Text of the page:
JBS Group, Business Advisory Services

Monday, October 18, 2010

Mobile Transactions; What Will it Take For Success?

There have been many points in history when humanity changed the way they conducted transactions. From the trade of tangible goods as currency like goats, camels, gems, precious metals and people to precious metal coinage. Then to paper representing the promise to pay precious metals or other valuable goods. It was not long ago that plastic cards with magnetic strips or memory chips replaced  paper currency and checks for many people in many societies. The Internet has also changed the way people transact by creating electronic and virtual currencies. Banks also no longer move paper or precious metals but instead move 0’s and 1’s through electronic pipelines around the world.

We are now at another one of those transition points in our history; when plastic cards will be replaced by small devices capable of conducting electronic transactions of all flavors at physical points of sale, the Internet and between individuals.

Like all transition points in the past this one is populated by many technological differentiations. While in the past it has been different methods of transporting and exchanging things of value, now the differentiations include many means of communicating those digital euros, pounds and dollars. RIFD, NFC, Contactless, USB, SMS, WAP and more acronyms that we can keep up with. Then there are the physical forms of purses and wallets that will carry all the digital money and tickets. Of course the mobile phone operators and manufacturers of mobile handsets have spent millions convincing the press, investors and the technologically savvy that the mobile phone is the wallet of the future. That confluence is about ‘everything in your mobile phone’. Is this true or have we been fed and fallen for the company line? Are there other form factors for that future mobile electronic wallet? The fact is that there are numerous form factors that people will use as their electronic wallet device. It is extremely foolish to think that everyone in the world wants to or will use their mobile phone as their wallet. There will be dedicated electronic wallet devices, wallet watches, wallet mp3 players, wallet keyfobs, wallet cards, wallet smart keys and other wallet devices that we had not even thought of. Let’s examine the mobile phone handset though.

At the time of this writing there are very few mobile phone handsets in the world with native NFC, Near Field Communication, for conducting transactions at point of sale terminals. Also at the present time most companies and developers are focused on the attempt to turn existing mobile phones into payment devices. Many companies have been attempting to use SMS for transactions. This has not gained much traction in Europe or the US where banking is fairly secure and advanced. But it has gained quite a bit of traction in Africa. For POS transactions there are companies attempting to use Contactless tags embedded in stickers, microSD cards, SIM cards and attachments to specific mobile phones. There are software applications on mobile smart phones for online banking, payment, ticketing and loyalty. But mobile phone transactions are still off to a slow start.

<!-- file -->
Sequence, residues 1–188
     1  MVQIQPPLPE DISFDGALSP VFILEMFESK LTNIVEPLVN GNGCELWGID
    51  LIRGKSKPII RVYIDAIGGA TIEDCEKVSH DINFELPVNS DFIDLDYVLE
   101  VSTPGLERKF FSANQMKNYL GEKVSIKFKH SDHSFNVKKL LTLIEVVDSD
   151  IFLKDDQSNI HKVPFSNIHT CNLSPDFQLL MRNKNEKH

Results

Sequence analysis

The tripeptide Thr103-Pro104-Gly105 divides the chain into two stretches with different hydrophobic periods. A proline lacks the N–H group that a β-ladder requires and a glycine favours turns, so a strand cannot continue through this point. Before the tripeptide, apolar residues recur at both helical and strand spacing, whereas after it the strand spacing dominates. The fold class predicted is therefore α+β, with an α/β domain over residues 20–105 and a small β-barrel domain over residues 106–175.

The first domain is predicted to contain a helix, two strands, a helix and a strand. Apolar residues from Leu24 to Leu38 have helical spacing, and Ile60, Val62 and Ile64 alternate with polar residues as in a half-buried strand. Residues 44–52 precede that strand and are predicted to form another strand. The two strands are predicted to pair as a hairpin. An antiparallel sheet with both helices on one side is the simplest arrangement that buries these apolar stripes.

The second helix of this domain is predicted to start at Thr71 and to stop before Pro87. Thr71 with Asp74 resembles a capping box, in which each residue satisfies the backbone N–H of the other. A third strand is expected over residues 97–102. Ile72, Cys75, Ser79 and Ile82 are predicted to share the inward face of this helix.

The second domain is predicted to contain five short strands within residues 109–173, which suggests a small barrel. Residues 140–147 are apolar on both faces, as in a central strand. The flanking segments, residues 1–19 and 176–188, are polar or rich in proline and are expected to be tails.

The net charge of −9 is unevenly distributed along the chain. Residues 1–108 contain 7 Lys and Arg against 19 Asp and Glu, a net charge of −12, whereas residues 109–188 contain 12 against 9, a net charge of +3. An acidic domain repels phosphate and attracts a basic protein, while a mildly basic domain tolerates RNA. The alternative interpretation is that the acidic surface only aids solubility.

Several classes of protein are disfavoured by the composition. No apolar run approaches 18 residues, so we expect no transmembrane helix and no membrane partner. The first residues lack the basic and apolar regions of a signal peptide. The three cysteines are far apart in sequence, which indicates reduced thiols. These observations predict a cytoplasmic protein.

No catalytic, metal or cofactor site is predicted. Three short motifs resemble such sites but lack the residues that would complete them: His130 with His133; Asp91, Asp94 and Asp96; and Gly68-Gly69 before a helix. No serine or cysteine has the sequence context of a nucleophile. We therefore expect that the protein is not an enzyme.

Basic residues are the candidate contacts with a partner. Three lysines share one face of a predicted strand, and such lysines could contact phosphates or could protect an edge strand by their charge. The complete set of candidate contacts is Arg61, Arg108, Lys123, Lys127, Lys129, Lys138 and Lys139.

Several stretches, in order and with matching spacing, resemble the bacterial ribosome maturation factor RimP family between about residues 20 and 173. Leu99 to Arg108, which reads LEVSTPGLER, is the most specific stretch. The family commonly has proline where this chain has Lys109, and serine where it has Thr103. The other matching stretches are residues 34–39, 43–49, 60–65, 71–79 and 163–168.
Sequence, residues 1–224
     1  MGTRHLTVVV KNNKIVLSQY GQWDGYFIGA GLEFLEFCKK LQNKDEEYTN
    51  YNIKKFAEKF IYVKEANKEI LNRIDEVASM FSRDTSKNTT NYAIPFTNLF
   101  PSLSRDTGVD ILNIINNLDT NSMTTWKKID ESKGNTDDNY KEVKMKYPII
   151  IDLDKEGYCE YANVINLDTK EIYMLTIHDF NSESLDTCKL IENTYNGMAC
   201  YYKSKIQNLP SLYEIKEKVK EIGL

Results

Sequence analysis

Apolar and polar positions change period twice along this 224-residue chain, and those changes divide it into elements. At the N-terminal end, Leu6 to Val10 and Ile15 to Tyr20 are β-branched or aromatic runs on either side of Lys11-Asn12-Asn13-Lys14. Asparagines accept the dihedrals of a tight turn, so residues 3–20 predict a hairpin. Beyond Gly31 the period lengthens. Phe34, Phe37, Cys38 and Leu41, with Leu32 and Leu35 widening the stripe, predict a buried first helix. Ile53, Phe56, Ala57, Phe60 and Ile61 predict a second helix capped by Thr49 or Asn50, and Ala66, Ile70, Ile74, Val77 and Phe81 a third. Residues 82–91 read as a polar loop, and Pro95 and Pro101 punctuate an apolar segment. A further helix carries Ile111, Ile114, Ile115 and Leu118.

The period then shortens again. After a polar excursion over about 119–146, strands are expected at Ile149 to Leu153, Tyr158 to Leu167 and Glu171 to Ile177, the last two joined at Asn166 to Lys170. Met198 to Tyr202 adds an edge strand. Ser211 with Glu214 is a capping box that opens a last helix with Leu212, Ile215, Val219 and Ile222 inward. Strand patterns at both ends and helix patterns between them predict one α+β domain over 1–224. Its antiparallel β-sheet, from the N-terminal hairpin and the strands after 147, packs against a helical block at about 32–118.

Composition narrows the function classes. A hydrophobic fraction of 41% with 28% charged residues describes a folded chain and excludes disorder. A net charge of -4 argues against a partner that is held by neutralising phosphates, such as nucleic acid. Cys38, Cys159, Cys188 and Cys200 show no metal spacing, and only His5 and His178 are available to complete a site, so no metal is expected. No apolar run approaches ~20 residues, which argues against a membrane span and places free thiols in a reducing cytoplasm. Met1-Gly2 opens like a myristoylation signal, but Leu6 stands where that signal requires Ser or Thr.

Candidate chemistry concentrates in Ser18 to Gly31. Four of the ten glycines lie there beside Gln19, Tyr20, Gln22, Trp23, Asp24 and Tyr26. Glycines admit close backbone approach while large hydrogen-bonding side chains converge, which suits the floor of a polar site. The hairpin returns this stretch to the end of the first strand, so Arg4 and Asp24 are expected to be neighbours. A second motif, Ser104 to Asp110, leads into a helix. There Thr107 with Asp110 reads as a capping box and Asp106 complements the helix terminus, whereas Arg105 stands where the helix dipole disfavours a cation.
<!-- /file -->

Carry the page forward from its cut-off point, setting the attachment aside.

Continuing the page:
There are a number of keys to making mobile transactions a success.

1.   Interactivity. Mobile transactions must include some sort of message back to the user after the transaction. The message must be something that the user deems valuable. A coupon, loyalty message, gift or personal message of some kind.
2.   Security. Users must be able to completely trust that they can conduct their transactions securely. That using their mobile device for transactions will not lead to identity theft or transaction fraud.
3.   Profitability. Mobile transactions must be profitable for every player in the ecosystem.  
4.   Compelling Reasons. There must be compelling reasons for merchants to incorporate mobile transaction technologies at their points of sale such as NFC readers at the physical POS or Java Applets at their web store. Users must have compelling reasons to use mobile transaction technologies. There must be things that they can do with a mobile device that they cannot do with cards or cash.
5.   Simplicity. Mobile transaction technologies must be incredibly simple or no one will use them.

When all of these pieces are in place in a mobile transaction system then we will see the technology explode like nuclear fission. Over the course of the past 14 years I have been involved in the mobile industry I have seen only one system accomplish this.

For more information contact Jon Shore at jshore@corporateconsulting.net or though his consulting website; http://www.corporateconsulting.net/.
Jon Shore has been involved in the mobile transaction space for the past 14 years. Among his invention accomplishments are an SMS ticketing and loyalty system and a very secure NFC transaction system for all sorts of mobile devices.

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